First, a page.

Complaint denied due to failure to prove common law trademark rights

Jason Hashkowski, a Canadian individual, has lost a complaint filed with the World Intellectual Property Organization (WIPO) in relation to the domain name '' under the Uniform Domain Name Dispute Resolution Policy (UDRP) (Case D2009-1800, February 5 2010).
Hashkowski, who is based in Manitoba, Canada, filed a complaint against Lucas Barnes, an individual residing in California, United States, seeking the transfer of the domain name into his ownership.
To obtain a favourable ruling, Hashkowski had to convince the panel that the three cumulative requirements set out in Paragraph 4(a) of the UDRP were fulfilled, namely that:
  • The domain name registered by Barnes was identical or confusingly similar to a trademark or service mark in which Hashkowski had rights;
  • Barnes had no rights or legitimate interests in respect of the domain name; and
  • The domain name had been registered and was being used in bad faith.
Hashkowski is the sole officer, director and shareholder of an online pharmacy accessible at ''. The domain name '', registered on June 25 2004, points to a website through which Hashkowski runs an e-business, trading generic medications aimed at the treatment of HIV and providing information resources on HIV and AIDS.

Barnes registered the domain name '' on August 26 2008 and directed it to a website which offered goods and services competing with Hashkowski's.

In an attempt to satisfy the first limb of the UDRP, Hashkowski contended that he had acquired a common law trademark in the expression '' through commercial use of, and marketing efforts under, the domain name ''. In support of this submission, he emphasized that he held prior rights via his registration of the domain name '' and the particular presentation of the words composing the domain name, including the hyphens separating the words. He further claimed that the domain name '' was confusingly similar to his alleged mark, noting that it differed from that mark only in the omission of hyphens.
Counter-arguing the first submission, Barnes noted that Hashkowski had not registered the phrase '' as a trademark and that such generic words did not grant common law trademark rights.
The panel highlighted that the first requirement could be satisfied by rights which were not registered, such as common law rights protected by laws on unfair competition or passing off. However, the panel stressed that a person claiming rights in a descriptive term must show that the term has acquired a secondary meaning designating its business. The extent of use of the term has to be proportionate to the descriptive aspect of the term if it is to acquire such a secondary meaning and become distinctive. However, the panel indicated that Canadian and US case law consider that, where a term is highly descriptive (as in this case), even very extensive use may be insufficient to establish the requisite secondary meaning.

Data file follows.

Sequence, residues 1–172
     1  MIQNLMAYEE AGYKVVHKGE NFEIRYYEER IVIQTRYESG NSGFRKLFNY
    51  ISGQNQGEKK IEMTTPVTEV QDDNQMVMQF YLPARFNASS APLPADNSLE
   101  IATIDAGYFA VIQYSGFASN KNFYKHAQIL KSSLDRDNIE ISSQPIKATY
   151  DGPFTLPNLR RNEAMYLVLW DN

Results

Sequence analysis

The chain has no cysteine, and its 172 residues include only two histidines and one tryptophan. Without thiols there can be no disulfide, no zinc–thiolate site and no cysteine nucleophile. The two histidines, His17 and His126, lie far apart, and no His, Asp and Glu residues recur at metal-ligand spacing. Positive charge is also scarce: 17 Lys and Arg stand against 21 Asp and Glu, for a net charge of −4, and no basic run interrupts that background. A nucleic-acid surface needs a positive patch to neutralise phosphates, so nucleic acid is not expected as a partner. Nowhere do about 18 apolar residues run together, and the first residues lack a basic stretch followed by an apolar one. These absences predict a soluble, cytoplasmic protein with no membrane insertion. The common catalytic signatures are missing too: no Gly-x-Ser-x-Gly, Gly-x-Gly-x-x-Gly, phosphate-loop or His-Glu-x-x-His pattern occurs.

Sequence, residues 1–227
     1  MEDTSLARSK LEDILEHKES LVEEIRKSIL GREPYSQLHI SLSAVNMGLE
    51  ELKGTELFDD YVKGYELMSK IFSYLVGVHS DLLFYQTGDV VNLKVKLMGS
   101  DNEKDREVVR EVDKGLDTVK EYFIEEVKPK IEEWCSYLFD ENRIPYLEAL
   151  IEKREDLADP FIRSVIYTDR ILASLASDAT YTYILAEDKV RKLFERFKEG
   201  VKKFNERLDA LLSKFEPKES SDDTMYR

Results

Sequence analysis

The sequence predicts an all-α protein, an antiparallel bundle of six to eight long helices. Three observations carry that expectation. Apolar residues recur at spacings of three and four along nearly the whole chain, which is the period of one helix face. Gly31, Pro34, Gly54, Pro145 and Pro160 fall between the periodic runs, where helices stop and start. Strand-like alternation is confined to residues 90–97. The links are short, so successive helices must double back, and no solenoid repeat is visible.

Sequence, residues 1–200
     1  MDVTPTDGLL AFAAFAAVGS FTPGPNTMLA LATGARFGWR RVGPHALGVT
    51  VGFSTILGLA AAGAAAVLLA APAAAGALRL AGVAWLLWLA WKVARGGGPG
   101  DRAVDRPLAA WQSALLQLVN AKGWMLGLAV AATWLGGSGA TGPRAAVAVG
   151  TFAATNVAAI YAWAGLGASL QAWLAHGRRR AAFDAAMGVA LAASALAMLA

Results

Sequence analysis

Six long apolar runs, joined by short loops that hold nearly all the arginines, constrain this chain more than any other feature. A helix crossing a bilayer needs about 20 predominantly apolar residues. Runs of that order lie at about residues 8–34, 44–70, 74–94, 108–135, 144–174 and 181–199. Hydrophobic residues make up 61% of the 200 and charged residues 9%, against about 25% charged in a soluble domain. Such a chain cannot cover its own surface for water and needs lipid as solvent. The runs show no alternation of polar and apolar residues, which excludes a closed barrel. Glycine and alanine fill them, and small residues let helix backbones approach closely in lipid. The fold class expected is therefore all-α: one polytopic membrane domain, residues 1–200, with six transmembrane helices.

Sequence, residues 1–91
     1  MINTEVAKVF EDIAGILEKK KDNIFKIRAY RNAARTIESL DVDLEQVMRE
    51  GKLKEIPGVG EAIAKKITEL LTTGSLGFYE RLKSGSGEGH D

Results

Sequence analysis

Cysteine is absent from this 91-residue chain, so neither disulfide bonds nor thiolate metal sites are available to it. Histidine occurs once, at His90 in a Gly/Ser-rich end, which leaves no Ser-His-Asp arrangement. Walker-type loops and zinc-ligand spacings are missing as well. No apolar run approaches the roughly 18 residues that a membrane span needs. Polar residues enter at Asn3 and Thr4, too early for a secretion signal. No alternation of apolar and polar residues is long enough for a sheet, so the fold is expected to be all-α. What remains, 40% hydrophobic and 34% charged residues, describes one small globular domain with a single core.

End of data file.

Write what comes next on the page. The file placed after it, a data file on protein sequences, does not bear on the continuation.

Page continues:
The panel considered that Hashkowski had failed to provide any evidence which demonstrated use of the term apart from use of a website found at a domain name. Hashkowski did not provide any sales figures associated with its use of the common law trademark, nor did he demonstrate any investment in advertising or marketing made using the mark. As such, the panel felt that there was no evidence that consumers associated the term 'aids drugs online' with Hashkowski or perceived it as a brand.
The panel's view was that Hashkowski had not proved that he had rights in the alleged mark. Thus, the panel found that Hashkowski had not made a showing that the domain name was similar or confusingly similar to a trademark in which he had rights.
The panel considered that, as the first limb of the UDRP had not been met, it was unnecessary to examine the other requirements to come to the conclusion that the transfer of the domain name should be denied.
The decision complies with the WIPO Overview of WIPO Panel Views on Selected UDRP Questions, which state that, in order to successfully assert common law or unregistered trademark rights, a complainant must show that the name has become a distinctive identifier associated with it or its goods and services.
Furthermore, the decision is in line with previous rulings concluding that:
"[if the term for which protection is sought] is highly descriptive of the complainant's background services..., it is deemed a weak mark and, absent proof of fame or widespread recognition, it would be entitled to narrow protection at best. Generally, the scope of rights afforded to weak descriptive marks is limited to protection against identical marks" (Amsec Enterprises LC v McCall (Case D2001-0083).
This case clearly shows the need for complainants filing under the UDRP to have a good knowledge of trademark law and what the burdens of proof are to demonstrate common law trademark rights. Had the complainant in this case been the holder of a registered trademark, it is possible that he may well have fared better.

David Taylor, Lovells LLP, Paris

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